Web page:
“The amount that would have helped is unclear.”
As we reported on Tuesday, Rystad analyst David Dixon notes that Queensland has the “slowest” fleet in the main grid, with a “ramping rate” capacity even lower than that of South Australia, leaving it prey to such events. A big battery or two would change that equation considerably.
The Hornsdale Power Reserve in South Australia, which has on numerous occasions stepped in to successfully arrest cascading transmission events since coming into operation in late 2017, contributed an instant 60MW to this event, but couldn’t do much more because it is located outside the state and the interconnector was quickly at capacity.
A battery located inside the state would have been able to play a much more important role, and a battery of the size of the 300MW/450MWh Victorian big battery now being built near Geelong by Neoen – for pretty much this very purpose – might have been big enough.
Perhaps, given the scale of losses from Callide, it would need to have been bigger, the sort of scale being contemplated by AGL at Liddell and Loy Yang, and EnergyAustralia at Yallourn, or the 1,000MW with up to two hours storage that might go with the 400MW solar farm Neoen is building in the Western Downs.
How much would such a big battery cost? Well, probably not much more than $420 million cost of the Queensland market price hitting the market cap for around four hours on Tuesday night, not to mention the anticipated price spikes on Wednesday and other days before the situation is properly sorted.
And, like the Victoria big battery, a Queensland big battery – such as the one at the Banana Range wind project, which, just to keep everyone happy, might even be called the Queensland Big Banana Battery (and would be just down the road from Callide) – could be built quickly.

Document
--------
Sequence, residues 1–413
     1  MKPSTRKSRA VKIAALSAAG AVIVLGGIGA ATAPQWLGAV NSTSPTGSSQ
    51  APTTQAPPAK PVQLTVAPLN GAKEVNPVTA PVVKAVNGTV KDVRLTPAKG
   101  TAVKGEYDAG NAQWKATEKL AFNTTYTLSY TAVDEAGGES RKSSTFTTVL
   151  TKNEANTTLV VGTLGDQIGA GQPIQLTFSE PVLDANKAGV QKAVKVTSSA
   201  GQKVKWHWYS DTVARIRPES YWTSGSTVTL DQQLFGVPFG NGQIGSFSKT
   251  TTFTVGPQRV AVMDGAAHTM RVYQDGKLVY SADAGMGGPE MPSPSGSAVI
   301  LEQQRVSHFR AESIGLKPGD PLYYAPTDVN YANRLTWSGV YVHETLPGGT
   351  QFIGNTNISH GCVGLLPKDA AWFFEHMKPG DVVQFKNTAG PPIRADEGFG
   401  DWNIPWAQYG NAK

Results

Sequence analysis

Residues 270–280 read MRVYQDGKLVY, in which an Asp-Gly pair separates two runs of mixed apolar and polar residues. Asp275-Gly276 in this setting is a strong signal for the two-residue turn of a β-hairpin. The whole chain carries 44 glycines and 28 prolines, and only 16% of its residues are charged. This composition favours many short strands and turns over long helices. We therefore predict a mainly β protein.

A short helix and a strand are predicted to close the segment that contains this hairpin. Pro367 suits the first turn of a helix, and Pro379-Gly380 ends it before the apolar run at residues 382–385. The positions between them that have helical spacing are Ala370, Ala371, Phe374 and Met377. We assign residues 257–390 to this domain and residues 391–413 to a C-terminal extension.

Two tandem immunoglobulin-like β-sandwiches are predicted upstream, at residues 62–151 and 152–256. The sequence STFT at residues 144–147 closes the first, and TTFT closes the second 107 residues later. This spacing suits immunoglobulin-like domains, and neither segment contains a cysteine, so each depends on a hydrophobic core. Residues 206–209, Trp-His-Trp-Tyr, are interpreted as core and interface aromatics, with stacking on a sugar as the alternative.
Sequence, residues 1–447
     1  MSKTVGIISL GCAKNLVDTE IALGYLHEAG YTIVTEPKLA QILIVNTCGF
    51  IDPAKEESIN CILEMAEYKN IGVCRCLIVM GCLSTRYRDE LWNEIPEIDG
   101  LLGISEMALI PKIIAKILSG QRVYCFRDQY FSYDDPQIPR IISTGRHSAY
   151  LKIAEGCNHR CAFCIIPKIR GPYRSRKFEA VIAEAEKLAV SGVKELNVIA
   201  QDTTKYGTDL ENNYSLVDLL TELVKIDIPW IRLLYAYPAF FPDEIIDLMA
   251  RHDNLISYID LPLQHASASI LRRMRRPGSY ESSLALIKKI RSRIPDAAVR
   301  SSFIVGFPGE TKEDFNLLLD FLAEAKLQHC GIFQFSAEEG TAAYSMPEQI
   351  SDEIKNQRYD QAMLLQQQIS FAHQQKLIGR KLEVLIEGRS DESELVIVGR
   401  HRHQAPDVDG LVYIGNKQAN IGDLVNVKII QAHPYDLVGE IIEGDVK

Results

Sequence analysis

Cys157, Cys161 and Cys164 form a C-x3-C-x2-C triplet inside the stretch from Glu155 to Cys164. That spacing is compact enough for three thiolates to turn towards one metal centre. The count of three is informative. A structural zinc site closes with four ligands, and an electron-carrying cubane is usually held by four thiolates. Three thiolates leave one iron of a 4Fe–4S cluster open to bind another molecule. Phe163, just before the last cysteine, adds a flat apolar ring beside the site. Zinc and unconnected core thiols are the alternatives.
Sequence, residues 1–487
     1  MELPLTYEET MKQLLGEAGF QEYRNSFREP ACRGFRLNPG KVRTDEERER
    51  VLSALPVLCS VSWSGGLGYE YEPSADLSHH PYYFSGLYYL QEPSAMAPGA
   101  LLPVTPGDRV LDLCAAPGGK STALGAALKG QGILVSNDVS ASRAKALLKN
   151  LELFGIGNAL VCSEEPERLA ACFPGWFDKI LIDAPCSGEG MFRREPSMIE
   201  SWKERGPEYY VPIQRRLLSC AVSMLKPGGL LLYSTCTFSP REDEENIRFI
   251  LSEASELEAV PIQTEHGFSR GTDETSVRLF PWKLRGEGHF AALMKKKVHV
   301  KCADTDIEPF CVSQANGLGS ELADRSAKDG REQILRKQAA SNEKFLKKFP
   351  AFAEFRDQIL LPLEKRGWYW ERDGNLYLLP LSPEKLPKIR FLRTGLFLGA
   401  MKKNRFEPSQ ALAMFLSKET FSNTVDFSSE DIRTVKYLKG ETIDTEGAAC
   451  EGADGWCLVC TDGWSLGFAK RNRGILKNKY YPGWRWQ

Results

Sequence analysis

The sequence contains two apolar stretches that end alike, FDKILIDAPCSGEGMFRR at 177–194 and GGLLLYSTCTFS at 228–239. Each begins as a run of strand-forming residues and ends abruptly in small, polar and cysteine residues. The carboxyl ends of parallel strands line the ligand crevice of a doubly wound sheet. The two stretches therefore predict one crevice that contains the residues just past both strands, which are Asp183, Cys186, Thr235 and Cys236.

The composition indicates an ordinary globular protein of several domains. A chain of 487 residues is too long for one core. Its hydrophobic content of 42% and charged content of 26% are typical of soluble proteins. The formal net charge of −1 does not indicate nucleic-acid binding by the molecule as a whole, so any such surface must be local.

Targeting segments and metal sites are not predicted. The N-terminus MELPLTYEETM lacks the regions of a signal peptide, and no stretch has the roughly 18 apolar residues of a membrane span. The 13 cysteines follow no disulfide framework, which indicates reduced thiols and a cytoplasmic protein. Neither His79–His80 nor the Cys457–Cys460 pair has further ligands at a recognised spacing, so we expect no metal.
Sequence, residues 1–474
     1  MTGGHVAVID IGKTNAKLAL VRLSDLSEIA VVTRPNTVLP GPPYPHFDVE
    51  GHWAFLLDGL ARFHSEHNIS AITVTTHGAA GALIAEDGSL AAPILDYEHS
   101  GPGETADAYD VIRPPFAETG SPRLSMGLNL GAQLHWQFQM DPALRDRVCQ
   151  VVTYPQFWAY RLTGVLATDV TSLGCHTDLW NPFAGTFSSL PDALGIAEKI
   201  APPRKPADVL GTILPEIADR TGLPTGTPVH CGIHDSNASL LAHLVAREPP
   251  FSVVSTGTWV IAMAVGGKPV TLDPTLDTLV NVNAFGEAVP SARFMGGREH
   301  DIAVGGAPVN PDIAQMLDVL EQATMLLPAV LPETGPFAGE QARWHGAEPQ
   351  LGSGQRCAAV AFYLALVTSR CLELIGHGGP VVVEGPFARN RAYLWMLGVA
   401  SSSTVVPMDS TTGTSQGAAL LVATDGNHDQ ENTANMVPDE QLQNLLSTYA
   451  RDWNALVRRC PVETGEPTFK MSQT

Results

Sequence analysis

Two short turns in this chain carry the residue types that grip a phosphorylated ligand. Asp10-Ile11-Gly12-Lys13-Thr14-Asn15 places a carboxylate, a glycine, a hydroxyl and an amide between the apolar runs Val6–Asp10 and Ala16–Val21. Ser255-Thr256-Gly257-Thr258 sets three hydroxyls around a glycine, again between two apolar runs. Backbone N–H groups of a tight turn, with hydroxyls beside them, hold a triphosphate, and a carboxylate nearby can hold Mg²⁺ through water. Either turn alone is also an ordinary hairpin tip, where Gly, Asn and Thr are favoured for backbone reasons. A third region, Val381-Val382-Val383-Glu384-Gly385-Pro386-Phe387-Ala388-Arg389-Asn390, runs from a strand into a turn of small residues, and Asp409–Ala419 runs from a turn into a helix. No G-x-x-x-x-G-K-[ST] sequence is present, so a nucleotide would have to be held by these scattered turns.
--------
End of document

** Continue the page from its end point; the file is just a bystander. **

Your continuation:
As it is, Queensland does not have an operating big battery right now. See our Big Battery Storage Map of Australia. One project, a 100MW/150MWh installation at Wandoan South, is currently being built by Vena Energy and will be operated by AGL.
Others have been proposed, including at the Kaban renewable energy hub in the north of the state, but a loan for that project agreed by the Northern Australian Infrastructure Facility was vetoed by Canavan’s successor as resources minister, Keith Pitt, because he did not believe battery storage was dispatchable.
The train crash interview on Sky News where Pitt, an electrical engineer, refused to admit that battery storage is dispatchable, should now be seen in a new light. On Tuesday, like his Coalition colleagues, Pitt couldn’t help himself, tweeting … “wind and solar won’t be coming to the rescue tonight”.
Federal energy minister Angus Taylor then joined in, telling Radio 4BC in Queensland on Wednesday morning: “We did have a sneak preview yesterday of what happens if we lose our coal fired generators without appropriate replacement.”